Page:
OK, here's what I've come up with. I can treat the interaction with the tire and the roller like a ramp. I can take my known hydraulic pushing force (2651 lbs) and multiply it by the SIN Θ of the initial angle where the tire touches the roller, right?
2651 * SIN 30° = 1325 lbs or force acting on the tire in the vertical direction at the beginning. As the hydraulic continues to push the roller to the left, the tangential angle gets smaller and force acting on lifting the tire goes down, right? 2651 * SIN 10° = 460 lbs of force lifting the tire. Then if the roller is completely under the tire there is no lifting resultant force (2651 * SIN 0° = 0 lbs).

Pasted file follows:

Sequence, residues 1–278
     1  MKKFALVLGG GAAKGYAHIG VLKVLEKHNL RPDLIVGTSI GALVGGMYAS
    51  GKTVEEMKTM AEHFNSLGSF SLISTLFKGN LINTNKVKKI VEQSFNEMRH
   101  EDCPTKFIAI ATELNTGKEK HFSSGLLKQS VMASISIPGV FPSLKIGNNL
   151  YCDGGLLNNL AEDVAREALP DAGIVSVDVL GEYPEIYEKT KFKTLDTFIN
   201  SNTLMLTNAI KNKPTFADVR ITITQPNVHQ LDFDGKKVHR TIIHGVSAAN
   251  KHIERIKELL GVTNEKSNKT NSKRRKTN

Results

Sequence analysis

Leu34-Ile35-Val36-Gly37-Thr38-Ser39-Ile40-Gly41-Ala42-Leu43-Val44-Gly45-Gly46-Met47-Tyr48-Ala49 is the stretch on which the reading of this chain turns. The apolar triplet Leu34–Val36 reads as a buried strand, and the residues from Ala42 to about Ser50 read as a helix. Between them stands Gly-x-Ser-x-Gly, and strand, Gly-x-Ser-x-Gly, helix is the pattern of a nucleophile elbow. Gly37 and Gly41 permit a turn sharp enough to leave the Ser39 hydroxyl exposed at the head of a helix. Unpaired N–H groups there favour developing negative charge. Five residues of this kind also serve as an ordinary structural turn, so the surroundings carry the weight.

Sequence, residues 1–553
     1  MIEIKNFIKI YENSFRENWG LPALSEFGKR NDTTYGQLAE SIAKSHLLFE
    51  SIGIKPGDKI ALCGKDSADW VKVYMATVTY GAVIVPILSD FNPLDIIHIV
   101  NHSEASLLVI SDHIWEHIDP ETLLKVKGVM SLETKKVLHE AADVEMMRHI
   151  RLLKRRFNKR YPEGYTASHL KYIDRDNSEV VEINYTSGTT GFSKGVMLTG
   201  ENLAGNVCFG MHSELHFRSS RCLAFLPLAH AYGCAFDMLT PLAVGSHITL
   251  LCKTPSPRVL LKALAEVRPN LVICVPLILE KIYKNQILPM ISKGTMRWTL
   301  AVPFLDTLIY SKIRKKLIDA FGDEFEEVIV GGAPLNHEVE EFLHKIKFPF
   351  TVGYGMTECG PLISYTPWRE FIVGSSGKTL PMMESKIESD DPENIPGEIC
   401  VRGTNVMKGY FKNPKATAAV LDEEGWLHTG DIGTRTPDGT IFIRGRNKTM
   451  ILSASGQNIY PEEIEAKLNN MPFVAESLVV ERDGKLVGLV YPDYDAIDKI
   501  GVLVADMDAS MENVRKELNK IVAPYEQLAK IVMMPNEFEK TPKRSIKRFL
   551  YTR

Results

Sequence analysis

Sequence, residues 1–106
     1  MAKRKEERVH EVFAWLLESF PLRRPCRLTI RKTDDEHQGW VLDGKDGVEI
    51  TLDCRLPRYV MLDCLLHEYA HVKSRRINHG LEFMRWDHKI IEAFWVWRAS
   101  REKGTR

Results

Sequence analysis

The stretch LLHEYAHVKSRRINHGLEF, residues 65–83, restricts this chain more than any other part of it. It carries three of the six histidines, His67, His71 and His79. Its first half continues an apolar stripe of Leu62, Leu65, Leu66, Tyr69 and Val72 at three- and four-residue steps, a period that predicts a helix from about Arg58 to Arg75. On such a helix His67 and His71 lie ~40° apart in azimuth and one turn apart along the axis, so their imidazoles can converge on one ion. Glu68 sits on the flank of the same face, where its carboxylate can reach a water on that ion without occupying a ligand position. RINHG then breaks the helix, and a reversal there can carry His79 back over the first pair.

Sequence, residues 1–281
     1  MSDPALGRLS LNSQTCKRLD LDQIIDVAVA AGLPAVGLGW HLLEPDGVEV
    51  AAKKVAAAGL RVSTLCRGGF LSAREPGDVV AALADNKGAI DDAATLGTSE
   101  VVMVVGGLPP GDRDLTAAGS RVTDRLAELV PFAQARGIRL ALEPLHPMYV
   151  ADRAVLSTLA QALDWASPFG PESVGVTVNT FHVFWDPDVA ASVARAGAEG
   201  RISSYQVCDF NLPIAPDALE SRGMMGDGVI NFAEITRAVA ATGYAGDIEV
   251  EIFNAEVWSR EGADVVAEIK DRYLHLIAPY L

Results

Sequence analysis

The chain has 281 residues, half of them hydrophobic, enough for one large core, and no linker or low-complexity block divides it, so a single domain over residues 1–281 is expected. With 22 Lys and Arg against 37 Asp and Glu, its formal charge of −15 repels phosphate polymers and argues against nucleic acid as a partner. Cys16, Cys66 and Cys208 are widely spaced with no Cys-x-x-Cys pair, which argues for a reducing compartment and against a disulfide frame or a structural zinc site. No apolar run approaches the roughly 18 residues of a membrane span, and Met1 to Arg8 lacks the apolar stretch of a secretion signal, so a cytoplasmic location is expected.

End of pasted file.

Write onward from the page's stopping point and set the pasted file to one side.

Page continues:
So now I'm stuck on the variable of the weight of the car (tire). If I need to lift 2000 lbs, did my equation above say I can only lift 1325 lbs? What about the roller on the other side of the tire, is it helping the same way as the roller that is being moved hydraulically? So do I have 2650 pounds of lifting force at the beginning (the resultant force on both rollers added together)?